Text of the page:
The Frankfurt Musikmesse has changed a bit over the past few years. For me, the biggest change since I was last there in 2012 is the very conspicuous absence of Framus/Warwick. Back in the day, Hans Peter Wilfer and his crew pretty much owned the show, with a sprawling compound that not only housed their beautiful instruments but also provided a haus for the companies that Warwick distributes in the EU, including Dunlop, DigiTech, Seymour Duncan, and many others. With Warwick not there, some of those companies, like Duncan and DigiTech, had to find new booth space while some, such as Dunlop, didn't have a booth at all. It makes for a smaller, slightly mellower show, but a great show nonetheless.
NAMM was late this year and Messe was early, and kind of like when Thanksgiving is late, it jacked with everyone's schedules and preparations. Many manufacturers talked of shipping gear directly from Anaheim to Frankfurt, and a few told tales of woe about said gear not arriving. That was the case with Guild, who had a righteous collection of new Ren Ferguson-designed Orpheum acoustics. These guitars were inspired by the question "Guild has been around since 1952, but if Guild had made acoustics in the 1930s, what would they have looked like?" The answer is, they probably would have looked a lot like the gorgeous instruments hanging in the booth. They also would have included some 12-fret-to-the-body models, but those new Guilds never made it to Musikmesse. Oh well. These guitars seem like they have the potential to be the finest acoustics Guild has ever made.
Guild Orpheum Rosewood Orchestra
Because Messe followed hot on the heels of NAMM, there wasn't much new gear that wasn't new at NAMM. A notable exception was the Amp 1 from BluGuitar. The company is the brainchild of Thomas Blug, of Hughes & Kettner fame and also such a great guitarist that he is known at the show as the Strat King of Europe. His brilliant device is a 4-channel, 100-watt amp in a floor pedal whose footprint is no bigger than a small Boss processor. It features an analog preamp, with the only digital part being a chip for the reverb. It contains a micro-tube in the power section that works in conjunction with a class-D power amp. It weighs nothing, is flexible and customizable, and sounds absolutely great. I got the demo from the irrepressible Mr. Blug himself and was mightily impressed.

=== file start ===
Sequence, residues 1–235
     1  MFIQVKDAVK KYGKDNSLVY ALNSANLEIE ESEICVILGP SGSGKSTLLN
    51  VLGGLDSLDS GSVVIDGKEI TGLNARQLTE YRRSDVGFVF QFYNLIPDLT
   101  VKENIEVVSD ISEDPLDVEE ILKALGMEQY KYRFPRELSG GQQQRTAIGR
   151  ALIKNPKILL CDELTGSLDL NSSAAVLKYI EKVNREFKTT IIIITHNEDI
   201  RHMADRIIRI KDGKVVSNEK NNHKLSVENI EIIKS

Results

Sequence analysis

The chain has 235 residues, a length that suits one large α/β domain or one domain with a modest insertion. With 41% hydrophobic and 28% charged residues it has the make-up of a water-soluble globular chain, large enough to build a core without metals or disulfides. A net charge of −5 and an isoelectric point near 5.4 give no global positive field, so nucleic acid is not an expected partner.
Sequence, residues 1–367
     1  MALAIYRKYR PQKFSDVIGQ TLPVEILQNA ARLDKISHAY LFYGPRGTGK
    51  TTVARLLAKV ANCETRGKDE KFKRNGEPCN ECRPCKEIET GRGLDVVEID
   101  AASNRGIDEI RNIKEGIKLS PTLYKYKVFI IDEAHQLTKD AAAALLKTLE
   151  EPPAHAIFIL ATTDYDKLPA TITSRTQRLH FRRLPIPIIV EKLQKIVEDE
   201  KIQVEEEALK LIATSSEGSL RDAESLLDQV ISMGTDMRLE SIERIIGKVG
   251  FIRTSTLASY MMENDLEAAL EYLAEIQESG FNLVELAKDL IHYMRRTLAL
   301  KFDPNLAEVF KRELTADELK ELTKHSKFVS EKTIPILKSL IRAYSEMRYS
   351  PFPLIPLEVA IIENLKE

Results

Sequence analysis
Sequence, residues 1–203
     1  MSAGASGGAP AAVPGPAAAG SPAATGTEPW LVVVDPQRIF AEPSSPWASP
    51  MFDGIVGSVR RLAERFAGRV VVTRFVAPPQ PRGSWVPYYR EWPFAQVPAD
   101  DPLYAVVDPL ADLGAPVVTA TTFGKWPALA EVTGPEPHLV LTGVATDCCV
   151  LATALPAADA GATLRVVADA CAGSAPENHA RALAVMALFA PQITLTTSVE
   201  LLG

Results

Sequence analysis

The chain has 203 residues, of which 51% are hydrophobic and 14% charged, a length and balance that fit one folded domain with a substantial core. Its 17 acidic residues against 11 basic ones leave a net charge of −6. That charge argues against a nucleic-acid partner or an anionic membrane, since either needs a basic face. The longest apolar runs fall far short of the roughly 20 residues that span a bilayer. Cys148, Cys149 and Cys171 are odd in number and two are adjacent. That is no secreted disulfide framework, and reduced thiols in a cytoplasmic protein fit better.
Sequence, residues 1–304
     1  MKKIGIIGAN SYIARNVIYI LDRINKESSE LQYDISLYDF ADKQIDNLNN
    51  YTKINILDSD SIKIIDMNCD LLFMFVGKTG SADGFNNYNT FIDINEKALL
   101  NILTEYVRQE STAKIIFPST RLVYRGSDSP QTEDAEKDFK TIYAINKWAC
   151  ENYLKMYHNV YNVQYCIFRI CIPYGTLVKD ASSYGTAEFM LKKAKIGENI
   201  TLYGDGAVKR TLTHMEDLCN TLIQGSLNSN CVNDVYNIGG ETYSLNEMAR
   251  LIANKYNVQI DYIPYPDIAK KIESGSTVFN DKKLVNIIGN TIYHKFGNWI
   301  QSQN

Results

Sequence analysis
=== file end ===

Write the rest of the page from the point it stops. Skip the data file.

The disembodied head of Thomas Blug floats next to his new Amp 1.
Other things of note at this year's show were some acoustics from the Fender Custom Shop that looked like they were straight out of an Elvis movie. But these beauties, unlike the guitar from Clambake, feature top-notch construction. Not for everyone, but somebody is going to love these guitars.
Acoustics from the Fender Custom Shop
The most interesting acoustic story of the show came from Tom Bedell of Bedell guitars. He showed us a guitar with a metric ton of Brazilian rosewood on it. I know what you're thinking: That's illegal, and even if he could have that guitar in the states, how could he possibly bring it to Europe? Well, apparently a Spanish wood buyer bought up a bunch of Brazilian logs, not planks, way bak when. The trees were old enough to get grandfathered in and were not considered contraband when the laws recently changed outlawing Brazilian rosewood. This wood recently became available for purchase, and Tom Bedell bought it all…the largest tonewood purchase in history. He jumped through about 1,00 hoops to get all of his documentation in order right before Messe and had this instrument, priced at 19,999 Euros, at the show. Unreal.
The 19,999 Euro Brazilian Rosewood Bedell
Tronical made a typically big splash at the show. Inventor Chris Adams is something of a German celebrity and he took home a MIPA Award for Most Innovative Product for his awesome motorized tuning machines, TronicalTune.
Tronical's Chris Adams with his well-deserved MIPA Award
All in all, it was a great show that was very well organized and expertly run, even if the noise is maddening and the cigarette smoke is incredibly carcinogenic. If you ever get a chance to see this show for yourself, you definitely should, because it's all it's cracked up to be. If you've heard so many great things about Messe that you find them hard to believe, just remember the words of that famous German songstress, the Teutonic Titwillow Lily Von Shtupp from Blazing Saddles: It's twue, it's twue.